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Recognition: Is That a Good Thing?

Posted in Mutual/Hedge Funds, Volatility Effects

In the September 2005 version of their paper entitled “Investor Recognition and Stock Returns”, Reuven LeHavy and Richard Sloan analyze the relation between how widely a stock is recognized and its returns (past and future). They use change in the proportion of quarterly SEC Form 13-F filers (institutional investment managers who exercise investment discretion over $100 million) holding a stock to represent the change in investor recognition of that stock. Using Form 13-F and stock price data over the period 1982-2004, they find that:

  • The more widely a stock is known (held by institutions), the better its past returns.
  • The more widely a stock is known (held by institutions), the worse its future returns.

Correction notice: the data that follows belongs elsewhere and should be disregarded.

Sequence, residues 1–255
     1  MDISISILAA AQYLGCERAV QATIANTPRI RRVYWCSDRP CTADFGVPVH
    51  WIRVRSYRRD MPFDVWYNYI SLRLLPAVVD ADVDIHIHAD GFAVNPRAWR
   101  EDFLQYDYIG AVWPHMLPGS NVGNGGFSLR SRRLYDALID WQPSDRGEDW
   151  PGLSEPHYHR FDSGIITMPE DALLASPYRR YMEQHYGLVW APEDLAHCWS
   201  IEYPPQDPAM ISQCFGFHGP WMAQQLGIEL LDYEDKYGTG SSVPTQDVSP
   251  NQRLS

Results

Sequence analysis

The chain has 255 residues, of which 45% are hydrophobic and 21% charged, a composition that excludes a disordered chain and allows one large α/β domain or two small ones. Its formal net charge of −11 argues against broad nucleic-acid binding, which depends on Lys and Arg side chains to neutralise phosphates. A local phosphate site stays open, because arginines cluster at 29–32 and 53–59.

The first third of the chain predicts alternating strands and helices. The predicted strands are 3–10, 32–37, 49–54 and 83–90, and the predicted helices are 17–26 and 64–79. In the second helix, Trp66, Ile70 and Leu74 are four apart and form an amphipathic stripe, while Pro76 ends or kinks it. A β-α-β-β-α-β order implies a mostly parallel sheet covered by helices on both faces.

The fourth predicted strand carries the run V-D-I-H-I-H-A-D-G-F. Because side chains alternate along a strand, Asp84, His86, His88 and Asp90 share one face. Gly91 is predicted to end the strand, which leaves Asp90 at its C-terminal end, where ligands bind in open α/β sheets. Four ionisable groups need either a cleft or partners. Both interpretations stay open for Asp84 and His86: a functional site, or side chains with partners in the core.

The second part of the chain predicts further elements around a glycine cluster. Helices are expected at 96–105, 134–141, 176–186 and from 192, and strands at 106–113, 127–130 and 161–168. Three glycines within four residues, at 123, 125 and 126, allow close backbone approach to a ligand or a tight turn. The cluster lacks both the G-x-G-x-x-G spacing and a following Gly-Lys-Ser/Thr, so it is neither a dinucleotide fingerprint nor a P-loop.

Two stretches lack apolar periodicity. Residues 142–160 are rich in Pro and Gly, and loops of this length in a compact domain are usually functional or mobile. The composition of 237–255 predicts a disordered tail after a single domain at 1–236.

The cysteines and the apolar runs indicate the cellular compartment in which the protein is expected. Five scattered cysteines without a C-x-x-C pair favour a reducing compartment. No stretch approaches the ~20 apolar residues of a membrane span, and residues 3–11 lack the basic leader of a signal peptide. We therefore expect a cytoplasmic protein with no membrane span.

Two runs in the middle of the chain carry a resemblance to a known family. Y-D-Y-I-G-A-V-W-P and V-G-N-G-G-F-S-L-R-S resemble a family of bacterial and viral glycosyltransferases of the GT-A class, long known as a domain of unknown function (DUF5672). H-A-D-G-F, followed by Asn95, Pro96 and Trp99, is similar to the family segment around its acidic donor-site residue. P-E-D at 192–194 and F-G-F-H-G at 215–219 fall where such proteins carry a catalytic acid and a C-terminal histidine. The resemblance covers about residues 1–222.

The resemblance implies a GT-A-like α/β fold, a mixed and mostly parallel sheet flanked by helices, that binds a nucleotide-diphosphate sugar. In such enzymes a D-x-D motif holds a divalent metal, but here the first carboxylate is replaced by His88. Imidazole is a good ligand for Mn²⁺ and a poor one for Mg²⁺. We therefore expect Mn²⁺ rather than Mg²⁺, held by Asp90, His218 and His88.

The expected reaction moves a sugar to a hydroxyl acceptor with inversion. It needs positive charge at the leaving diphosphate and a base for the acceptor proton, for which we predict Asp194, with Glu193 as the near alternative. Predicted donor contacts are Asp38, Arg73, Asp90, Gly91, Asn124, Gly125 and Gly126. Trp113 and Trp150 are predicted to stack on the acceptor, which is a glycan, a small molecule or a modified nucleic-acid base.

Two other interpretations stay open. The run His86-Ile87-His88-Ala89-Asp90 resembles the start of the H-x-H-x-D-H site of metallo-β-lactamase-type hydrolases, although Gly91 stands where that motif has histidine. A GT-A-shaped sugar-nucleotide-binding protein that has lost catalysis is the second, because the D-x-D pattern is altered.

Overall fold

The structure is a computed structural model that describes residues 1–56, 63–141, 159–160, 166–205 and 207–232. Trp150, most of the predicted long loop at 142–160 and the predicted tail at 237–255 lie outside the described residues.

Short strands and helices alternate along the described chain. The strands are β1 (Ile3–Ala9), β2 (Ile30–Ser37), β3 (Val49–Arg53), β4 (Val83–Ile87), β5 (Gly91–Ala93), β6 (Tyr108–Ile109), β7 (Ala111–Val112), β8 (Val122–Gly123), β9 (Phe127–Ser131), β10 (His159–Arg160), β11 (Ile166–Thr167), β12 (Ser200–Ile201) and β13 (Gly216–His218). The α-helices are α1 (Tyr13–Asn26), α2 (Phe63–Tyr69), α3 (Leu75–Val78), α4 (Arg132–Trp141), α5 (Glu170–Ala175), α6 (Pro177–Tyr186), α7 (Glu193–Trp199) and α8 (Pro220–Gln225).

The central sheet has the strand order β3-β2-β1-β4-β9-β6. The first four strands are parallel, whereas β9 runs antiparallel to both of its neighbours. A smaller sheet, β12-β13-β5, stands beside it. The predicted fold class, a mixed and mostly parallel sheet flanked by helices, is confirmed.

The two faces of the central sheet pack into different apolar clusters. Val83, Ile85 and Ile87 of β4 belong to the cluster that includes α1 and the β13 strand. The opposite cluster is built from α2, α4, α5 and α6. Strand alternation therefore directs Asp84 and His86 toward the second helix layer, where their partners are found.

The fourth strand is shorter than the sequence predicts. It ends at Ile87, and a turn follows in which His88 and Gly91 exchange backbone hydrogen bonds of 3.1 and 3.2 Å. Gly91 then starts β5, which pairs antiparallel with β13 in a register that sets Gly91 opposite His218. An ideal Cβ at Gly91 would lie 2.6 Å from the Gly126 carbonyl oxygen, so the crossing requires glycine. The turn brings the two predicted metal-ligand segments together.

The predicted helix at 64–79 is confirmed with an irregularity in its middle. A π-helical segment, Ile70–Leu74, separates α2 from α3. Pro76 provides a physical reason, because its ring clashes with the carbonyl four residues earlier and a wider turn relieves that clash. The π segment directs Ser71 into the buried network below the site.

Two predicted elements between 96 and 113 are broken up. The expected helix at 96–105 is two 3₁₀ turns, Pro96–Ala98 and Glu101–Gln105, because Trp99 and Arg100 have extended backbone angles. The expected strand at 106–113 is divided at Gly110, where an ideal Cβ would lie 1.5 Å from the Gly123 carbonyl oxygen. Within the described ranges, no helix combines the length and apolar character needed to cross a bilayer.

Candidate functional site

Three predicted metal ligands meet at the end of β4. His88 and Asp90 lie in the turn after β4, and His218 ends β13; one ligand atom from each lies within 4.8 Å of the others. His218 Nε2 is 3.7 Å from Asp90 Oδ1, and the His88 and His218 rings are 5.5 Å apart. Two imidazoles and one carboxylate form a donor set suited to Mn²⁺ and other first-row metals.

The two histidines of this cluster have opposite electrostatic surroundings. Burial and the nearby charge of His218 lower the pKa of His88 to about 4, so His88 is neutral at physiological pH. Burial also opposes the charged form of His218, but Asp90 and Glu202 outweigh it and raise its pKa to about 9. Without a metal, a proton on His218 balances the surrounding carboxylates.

• These effects are at least as strong as the effects of news about cash flows.
  • The greater the volatility of a stock’s price, the stronger the effects.
  • The more widely a stock is known, the greater the company’s financing activities (such as secondary offerings) and investment spending.

The following figure illustrates the first two of the above points, showing that a large positive (negative) change in the breadth of institutional holding relates to high (low) returns over the past two years. It also show that these unusual past returns revert (even reverse) the next couple of years.

In summary, the greatest returns are to be found on average among stocks least widely held by institutions.

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